"Penpals" - Wesley's first command a success or a failure?

Set decades after Captain Kirk's five-year mission, a new generation of Starfleet officers set off in a new Enterprise on their own mission to go where no one has gone before.
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"Penpals" - Wesley's first command a success or a failure?

A complete success and saving the planet was the right thing to do.
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Mostly success, but would have been better if he refused to participate in saving the planet
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Unsure
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Mostly a failure, but was good that he followed orders and/or solved the mystery
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A complete failure. General order number one. There is no excuse.
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Other
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marsh8472
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"Penpals" - Wesley's first command a success or a failure?

Post by marsh8472 » Mon Apr 02, 2018 10:12 pm

Wesley was given command of a team in charge of figuring out what was causing geological instability of planets in the Selcundi Drema sector. They were able to figure it out and then reversed the effects on Drema Four. The problem is they prevented the Dreman civilization from going extinct by saving that planet. Should Wesley have refused to follow the order to save the planet? Or even mutinied against Picard in an attempt to prevent a violation of the prime directive?


TOS "The Omega Glory"
Captain's log, supplemental. The Enterprise has left the Exeter and moved into close planet orbit. Although it appears the infection may strand us here the rest of our lives, I face an even more difficult problem. A growing belief that Captain Tracey has been interfering with the evolution of life on this planet. It seems impossible. A star captain's most solemn oath is that he will give his life, even his entire crew, rather than violate the Prime Directive.
...
SPOCK: Regulations are quite harsh, but they're also quite clear, Captain. If you do not act, you will be considered equally guilty.
...
KIRK: Captain Ronald Tracey, as per Starfleet Command, regulation seven, paragraph four
TRACEY: I must now consider myself under arrest, unless in the presence of the most senior fellow officers presently available, I give satisfactory answer to those charges which you now bring. Et cetera, et cetera. Those were the first words duty required you to say to me, and you said them.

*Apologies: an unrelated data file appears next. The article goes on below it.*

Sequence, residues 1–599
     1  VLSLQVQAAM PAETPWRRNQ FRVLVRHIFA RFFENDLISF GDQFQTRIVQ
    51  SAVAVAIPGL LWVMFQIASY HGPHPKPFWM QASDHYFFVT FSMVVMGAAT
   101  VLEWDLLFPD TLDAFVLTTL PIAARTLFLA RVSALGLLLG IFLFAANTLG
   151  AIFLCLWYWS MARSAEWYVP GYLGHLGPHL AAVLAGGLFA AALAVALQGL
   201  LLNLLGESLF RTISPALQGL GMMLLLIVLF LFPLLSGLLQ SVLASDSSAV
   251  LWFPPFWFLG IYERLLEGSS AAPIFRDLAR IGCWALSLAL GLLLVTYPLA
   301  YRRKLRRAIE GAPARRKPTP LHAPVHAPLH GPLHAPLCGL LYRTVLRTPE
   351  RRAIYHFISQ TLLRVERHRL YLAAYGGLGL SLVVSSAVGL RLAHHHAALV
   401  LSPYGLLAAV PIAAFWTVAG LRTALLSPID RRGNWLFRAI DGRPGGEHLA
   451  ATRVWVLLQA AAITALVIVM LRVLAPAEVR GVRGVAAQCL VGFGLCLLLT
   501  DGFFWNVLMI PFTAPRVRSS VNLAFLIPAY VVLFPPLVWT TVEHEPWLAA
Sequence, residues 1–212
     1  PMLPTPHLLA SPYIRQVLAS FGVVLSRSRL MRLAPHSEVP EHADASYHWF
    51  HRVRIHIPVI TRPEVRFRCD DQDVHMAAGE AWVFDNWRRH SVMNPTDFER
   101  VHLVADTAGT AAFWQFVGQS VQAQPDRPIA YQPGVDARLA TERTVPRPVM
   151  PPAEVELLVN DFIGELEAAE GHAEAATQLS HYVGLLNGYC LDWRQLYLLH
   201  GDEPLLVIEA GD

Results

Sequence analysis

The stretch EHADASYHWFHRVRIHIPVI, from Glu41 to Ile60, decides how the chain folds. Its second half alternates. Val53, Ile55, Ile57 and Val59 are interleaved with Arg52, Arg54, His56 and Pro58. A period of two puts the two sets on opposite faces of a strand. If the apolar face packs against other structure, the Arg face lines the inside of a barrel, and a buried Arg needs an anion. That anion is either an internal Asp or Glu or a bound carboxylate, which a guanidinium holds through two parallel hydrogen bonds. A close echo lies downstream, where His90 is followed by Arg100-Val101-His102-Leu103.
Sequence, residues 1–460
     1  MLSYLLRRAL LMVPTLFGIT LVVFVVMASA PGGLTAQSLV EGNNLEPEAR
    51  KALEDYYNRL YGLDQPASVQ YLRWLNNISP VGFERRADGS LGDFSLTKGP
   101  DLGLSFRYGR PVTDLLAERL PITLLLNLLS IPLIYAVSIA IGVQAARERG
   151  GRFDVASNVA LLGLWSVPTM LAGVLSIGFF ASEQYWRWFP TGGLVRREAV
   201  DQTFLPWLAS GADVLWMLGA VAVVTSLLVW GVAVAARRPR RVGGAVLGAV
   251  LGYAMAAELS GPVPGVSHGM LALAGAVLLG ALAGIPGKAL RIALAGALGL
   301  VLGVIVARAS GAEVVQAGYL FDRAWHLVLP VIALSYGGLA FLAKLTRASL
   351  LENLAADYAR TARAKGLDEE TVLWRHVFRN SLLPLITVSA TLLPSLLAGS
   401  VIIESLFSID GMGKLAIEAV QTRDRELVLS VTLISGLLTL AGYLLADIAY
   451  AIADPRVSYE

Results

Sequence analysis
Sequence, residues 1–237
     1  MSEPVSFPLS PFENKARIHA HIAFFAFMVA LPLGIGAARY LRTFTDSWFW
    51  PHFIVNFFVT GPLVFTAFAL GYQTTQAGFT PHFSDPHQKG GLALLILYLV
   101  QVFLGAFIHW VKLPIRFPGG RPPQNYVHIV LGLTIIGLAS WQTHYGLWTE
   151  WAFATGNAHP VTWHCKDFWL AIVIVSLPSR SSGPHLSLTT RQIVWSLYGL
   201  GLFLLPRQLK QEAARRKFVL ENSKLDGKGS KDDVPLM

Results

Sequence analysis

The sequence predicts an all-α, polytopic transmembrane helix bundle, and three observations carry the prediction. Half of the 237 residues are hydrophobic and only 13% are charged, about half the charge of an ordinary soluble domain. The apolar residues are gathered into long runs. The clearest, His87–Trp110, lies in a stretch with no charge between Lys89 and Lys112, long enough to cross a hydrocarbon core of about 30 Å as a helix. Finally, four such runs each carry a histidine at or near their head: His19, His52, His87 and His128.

Another way to look at it is: Did Wesley make the same mistake as Riker did in his youth?

TNG "The Pegasus"
RIKER: I was seven months out of the Academy, my head still ringing with words like duty and honour. When they turned on him, I thought they were a bunch of self-serving, disloyal officers, so I grabbed a phaser and defended my captain. Two or three others joined us, but it was clear by then that the mutineers had most of the crew behind them. We felt a need to get off the ship. There was a running firefight all the way to the escape pod. About five minutes after we left the ship there was an explosion.
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RIKER: It means that I can't put this off any longer. Right up until this moment I had the luxury of time, but now I've got to make a choice. And, Admiral, I'm afraid my choice is this. I can't let you start these experiments again. It was wrong twelve years ago, and it is wrong today.
...
PRESSMAN: Now that doesn't sound like the same man who grabbed a phaser and defended his captain twelve years ago.
RIKER: I've had twelve years to think about it, and if I had it to do over again I would have grabbed the phaser and pointed it at you instead of them.
PRESSMAN: So on reflection you'd rather be a traitor than a hero.
RIKER: I wasn't a hero and neither were you. What you did was wrong and I was wrong to support you, but I was just too young and too stupid to realise it. You were the captain. I was the ensign. I was just following orders.
PRESSMAN: And if you hadn't you'd be dead right now along with all the rest of them. Dead because you listened to a bunch of mutinous cowards who were too blinded by fear to see what I was trying to do.
RIKER: They were brave enough to risk their lives to stop you from violating a treaty the Federation signed in good faith.

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